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Jellyfish and Ginger: Medical Books and the Abandonment of Movable Type in the Early Edo Period

Photo by Michael Schreiber.
Thursday, March 5, 2015 - 5:15pm to 6:45pm
Beinecke Rare Book & Manuscript Library
121 Wall St., New Haven, CT 06511
Wheelchair accessible
For centuries woodblock printing was the only alternative to manuscripts in Japan, but at the end of the sixteenth century, the technology of printing with movable type was introduced to Japan more or less simultaneously from two very different sources; the European tradition in the form of the Jesuits, who brought a printing press to Japan from Macao and used it in Kyushu, and the Korean tradition, when Hideyoshi’s troops brought printing equipment and artisans from Korea, where printing with movable type had been practiced well before Gutenberg perfected printing in Mainz in the middle of the fifteenth century. As a direct result of this technology transfer, in the early decades of the seventeenth century, many more books were printed with movable type in Japan than with woodblocks.  By the 1630s however, movable type was on the way out, and by 1650, nobody was printing with movable type any more. This seems like a technological reversion so why did this happen? Many explanations have been put forward, but in this lecture Kornicki shall put forward a new explanation that draws upon early medical texts for an understanding of the dynamics that led to the revitalization of woodblock printing.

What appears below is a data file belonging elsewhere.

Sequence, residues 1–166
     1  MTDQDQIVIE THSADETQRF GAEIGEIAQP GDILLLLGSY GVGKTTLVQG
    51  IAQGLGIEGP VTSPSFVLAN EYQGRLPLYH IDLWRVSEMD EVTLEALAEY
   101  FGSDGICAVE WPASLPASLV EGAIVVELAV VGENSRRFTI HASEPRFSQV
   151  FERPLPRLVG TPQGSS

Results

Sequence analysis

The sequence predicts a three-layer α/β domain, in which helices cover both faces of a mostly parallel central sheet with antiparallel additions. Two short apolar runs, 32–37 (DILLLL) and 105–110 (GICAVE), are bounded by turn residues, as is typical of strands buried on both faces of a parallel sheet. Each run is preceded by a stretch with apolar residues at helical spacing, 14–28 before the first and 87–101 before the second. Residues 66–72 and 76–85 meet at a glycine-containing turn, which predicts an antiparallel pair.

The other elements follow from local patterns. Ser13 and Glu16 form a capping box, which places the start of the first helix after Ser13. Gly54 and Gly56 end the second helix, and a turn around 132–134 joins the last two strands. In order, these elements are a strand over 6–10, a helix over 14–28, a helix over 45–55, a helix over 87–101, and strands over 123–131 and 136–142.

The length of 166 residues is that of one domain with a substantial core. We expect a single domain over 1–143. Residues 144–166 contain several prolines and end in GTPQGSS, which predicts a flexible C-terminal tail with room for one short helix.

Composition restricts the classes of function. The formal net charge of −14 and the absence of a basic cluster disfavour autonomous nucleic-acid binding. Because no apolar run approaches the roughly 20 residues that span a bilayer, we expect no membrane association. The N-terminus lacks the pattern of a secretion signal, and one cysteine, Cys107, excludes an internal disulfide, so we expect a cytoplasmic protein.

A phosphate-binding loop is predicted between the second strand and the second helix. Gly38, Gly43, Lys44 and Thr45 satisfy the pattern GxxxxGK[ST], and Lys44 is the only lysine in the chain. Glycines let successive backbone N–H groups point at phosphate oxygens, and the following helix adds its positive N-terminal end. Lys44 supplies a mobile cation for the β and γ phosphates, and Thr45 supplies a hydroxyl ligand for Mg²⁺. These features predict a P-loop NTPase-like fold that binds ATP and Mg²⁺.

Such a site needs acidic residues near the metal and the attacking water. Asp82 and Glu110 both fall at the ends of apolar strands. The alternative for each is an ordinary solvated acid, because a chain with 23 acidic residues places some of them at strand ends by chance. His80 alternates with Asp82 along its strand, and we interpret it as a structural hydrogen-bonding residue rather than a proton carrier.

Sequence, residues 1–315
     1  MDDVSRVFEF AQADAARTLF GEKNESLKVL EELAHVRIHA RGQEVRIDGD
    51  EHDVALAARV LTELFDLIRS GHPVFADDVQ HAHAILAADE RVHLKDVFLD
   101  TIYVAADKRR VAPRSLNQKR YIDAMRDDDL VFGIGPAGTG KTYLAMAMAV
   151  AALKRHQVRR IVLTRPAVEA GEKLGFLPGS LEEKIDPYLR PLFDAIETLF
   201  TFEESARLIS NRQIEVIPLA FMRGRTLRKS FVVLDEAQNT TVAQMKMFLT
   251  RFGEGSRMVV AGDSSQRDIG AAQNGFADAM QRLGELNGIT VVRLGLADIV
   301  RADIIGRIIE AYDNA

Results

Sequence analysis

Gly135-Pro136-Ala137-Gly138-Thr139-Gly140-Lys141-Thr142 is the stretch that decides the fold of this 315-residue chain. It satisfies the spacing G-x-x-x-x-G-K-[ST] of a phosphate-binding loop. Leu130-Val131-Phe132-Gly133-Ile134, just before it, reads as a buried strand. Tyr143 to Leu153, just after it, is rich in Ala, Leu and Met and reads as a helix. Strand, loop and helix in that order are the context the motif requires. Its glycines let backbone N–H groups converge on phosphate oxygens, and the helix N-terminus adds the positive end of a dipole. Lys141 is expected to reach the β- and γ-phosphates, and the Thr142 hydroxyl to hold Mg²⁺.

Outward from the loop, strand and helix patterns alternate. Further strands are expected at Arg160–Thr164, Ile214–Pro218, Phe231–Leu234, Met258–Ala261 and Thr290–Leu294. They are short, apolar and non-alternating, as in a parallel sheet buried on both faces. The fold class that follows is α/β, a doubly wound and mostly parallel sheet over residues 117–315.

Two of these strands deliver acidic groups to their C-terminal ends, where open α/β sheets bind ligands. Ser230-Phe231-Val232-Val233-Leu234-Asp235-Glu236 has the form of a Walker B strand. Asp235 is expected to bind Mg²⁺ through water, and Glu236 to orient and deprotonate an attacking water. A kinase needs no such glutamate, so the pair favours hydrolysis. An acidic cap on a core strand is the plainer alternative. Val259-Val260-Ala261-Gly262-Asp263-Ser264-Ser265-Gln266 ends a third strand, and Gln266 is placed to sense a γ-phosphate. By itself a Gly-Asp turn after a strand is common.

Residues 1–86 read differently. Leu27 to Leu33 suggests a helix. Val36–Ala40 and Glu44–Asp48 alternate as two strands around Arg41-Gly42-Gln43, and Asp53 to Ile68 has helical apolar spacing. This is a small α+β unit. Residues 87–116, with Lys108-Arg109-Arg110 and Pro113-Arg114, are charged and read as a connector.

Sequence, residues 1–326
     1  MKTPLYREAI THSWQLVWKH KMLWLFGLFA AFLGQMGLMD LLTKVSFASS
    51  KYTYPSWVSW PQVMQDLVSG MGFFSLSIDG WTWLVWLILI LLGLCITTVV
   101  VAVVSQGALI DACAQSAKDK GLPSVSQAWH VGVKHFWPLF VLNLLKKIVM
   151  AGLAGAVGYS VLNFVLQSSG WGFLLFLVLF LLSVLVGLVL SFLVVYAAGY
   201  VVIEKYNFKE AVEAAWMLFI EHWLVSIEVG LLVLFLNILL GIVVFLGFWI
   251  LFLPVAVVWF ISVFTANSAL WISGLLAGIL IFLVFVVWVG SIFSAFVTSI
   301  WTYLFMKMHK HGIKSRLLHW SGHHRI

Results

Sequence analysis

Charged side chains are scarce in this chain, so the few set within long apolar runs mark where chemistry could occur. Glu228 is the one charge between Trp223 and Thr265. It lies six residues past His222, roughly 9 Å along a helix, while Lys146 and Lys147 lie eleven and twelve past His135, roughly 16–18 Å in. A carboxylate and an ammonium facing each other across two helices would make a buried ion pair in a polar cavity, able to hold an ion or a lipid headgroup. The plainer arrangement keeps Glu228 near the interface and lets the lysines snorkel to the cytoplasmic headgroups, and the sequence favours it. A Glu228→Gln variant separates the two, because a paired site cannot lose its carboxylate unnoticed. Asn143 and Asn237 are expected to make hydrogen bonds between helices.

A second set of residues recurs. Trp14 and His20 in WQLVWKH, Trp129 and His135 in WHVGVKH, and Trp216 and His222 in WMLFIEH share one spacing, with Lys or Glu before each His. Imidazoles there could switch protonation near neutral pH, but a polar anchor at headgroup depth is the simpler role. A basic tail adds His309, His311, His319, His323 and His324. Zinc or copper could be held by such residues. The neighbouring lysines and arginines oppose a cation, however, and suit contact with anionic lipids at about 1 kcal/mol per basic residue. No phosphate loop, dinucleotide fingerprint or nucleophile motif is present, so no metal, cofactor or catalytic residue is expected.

Peter Kornicki was born in England to a Welsh mother and Polish father, and was educated in Malta, Aden and England, finishing with a BA and DPhil in Japanese at Oxford University. He taught at the University of Tasmania in Australia and then at Kyoto University, before taking up a position at Cambridge University in 1985.  Kornicki spent the remainder of his career there, finishing up as Head of the Department of East Asian Studies. In autumn 2013, he retired from Cambridge and is now emeritus professor of Japanese, but retains a close connection with his Cambridge college, Robinson, where he has served over the last seven years as Deputy Warden (deputy head). Kornicki’s current work is on vernacularization in East Asia: the process whereby classical Chinese was gradually displaced by the written vernaculars as scripts were evolved to write Japanese, Korean, Vietnamese, Manchu and Tibetan and the cultural confidence to diverge from Chinese norms grew stronger. He is also working on Japanese training in wartime Britain and on Hayashi Razan as a renaissance man.
 
Professor Kornicki's talk is the keynote address for Treasures from Japan in the Yale University Library, an exhibition on view at the Beinecke through April 2. 

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